The question of manners at tea time comes up online and in the real world. In fact, some feel rather more inclined when enjoying tea to follow certain social conventions and even tea rituals and ceremonies. From the way the tea is prepared to what foods to serve to how to pour and enjoy the tea — all seem to contribute to your enjoyment. Some may call this tea snobbery while others call it being civilized and maintaining traditions. I call it simply having a bit of regard for your tea time companions. Sometimes exercising good manners means not saying anything harsh when the service is not quite Class A. Or some instances of manners have to do with your behavior while imbibing.
So, how are your tea time manners? Find out here:
- Your host/hostess serves up scones a bit burnt on the bottom and generally overdone, so you:
A. Accept them politely and nibble on them.
B. Ladle on the clotted cream and jam to hide the extra crispy parts.
C. Say no thanks, that you’re not that hungry (while your tummy proceeds to make a liar of you by growling loudly).
D. Grab a rock hard scone and throw it at the wall, where it gets embedded in the drywall, and say “Bake much?”
- The milk set out for use in your tea was definitely on the curdled side, so you:
A. Decide not to have milk in your tea and double up on sweetener instead.
B. Take a chance and put a little in your tea (it’s a nice malty Assam and needs that smoothing).
C. Offer to make a quick trip to the grocer’s to get some fresh milk.
D. Pour the bad milk out all over the floor just to make a point.
- The tea has cooled in the teapot enough that it’s barely drinkable, so you:
A. Go ahead and accept that second cuppa with a meekly said “Thanks.”
B. Ask if there is any way to warm up the tea to a tolerable level.
C. Say that it’s probably a good idea to steep up a fresh pot of tea.
D. Go into your host’s kitchen and put the kettle on, saying “Hint, hint!”
- One of the other guests at tea time slurps the tea loudly, so you:
A. Pretend not to notice and go on as usual.
B. Look around like you don’t know where that strange noise came from.
C. Do a little light slurping of your own, joining in the fun.
D. Make a loud comment about SOME people’s MANNERS!
- When lifting up your own teacup to take a sip, you:
A. Refrain from pointing your pinkie finger.
B. Follow whatever the other attendees do so that you’re all on the same page pinkie-wise.
C. Make a bit of a joke of the whole pinkie pointing controversy, saying that you’re just “poking fun.”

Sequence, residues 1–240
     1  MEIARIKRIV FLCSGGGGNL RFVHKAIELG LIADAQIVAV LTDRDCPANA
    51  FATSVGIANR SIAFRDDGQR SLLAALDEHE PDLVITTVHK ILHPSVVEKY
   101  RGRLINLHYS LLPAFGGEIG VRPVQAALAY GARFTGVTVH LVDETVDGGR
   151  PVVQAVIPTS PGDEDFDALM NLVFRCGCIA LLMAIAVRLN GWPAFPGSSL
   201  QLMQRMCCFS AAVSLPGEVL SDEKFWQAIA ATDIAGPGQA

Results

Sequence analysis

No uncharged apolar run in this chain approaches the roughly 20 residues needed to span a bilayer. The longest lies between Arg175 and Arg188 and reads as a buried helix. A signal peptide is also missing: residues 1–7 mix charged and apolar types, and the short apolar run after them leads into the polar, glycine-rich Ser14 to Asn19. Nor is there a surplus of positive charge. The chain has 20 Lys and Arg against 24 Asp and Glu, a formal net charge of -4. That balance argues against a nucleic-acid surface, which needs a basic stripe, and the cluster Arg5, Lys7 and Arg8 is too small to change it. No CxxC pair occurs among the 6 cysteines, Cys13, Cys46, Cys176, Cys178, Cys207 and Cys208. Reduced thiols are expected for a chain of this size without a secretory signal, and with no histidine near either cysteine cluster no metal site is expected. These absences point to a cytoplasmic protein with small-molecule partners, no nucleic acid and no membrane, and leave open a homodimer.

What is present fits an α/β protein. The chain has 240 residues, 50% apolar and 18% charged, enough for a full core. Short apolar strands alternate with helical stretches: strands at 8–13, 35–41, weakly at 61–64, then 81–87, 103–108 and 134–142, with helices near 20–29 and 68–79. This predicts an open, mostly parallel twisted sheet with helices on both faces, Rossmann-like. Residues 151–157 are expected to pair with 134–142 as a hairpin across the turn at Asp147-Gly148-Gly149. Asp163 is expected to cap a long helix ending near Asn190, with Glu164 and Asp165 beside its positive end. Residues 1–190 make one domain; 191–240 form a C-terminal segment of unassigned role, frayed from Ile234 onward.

D. Parody the person pointing his/her pinkie with exaggerated gestures while saying “Lah TEA dah, look at me and my pinkie!”
- Often at a less formal Afternoon Tea (where the tea and cakes are laid out on a low table and then served out to the guests who balance everything on their laps), you:
A. Take your teacup and saucer daintily, put a cookie on the saucer beside the teacup, sit carefully, and lay your napkin across your lap before partaking.
B. Ask the host/hostess if a tray table is available.
C. Con … uh, persuade one of the other guests into holding your food plate while you sip your tea.
D. Say “Nuts to that!” and pull your chair close to the low table, diving into the plate of cakes as if there were no tomorrow!
- While telling your crowd-pleasing story about the fisherman and the camel, one of the folks listening laughs and snorts tea out his/her nose, so you:
A. Pretend it didn’t happen and go on with your tale.
B. Snort a little tea through your nose just to show a bit of camaraderie.
C. Deftly hand the snorter the oversized hankie you always carry with you for such occasions.
D. Laugh out loud at the snorter and make derisive remarks like “Where’d you learn YOUR manners?”
- The tea is all consumed and so are the treats, so you:
A. Offer to help your host/hostess gather up teacups, saucers, plates, etc., and take them to the kitchen.
B. Hand your teacup and saucer to the person helping the host/hostess clean up.
C. Feign ignorance and casually set down your teacup on a nearby table.
D. Wipe out the teacup with your napkin and stuff the teacup and saucer in your pockets, hoping your host/hostess didn’t notice.
If you answered ‘A’ to most of these, you are the ultimate tea time guest. If you answered ‘D’ to more than two of these, you may find yourself crossed off of future guest lists for tea time!
© Online Stores, Inc., and The English Tea Store Blog, 2009-2014. Unauthorized use and/or duplication of this material without express and written permission from this article’s author and/or the blog’s owner is strictly prohibited. Excerpts and links may be used, provided that full and clear credit is given to Online Stores, Inc., and The English Tea Store Blog with appropriate and specific direction to the original content.
2 thoughts on “Quiz: How Are Your Tea Time Manners?”
Pingback: The Best of the English Tea Store Tea Blog in 2012 « Tea Blog
Pingback: Tearoom Manners « Tea Blog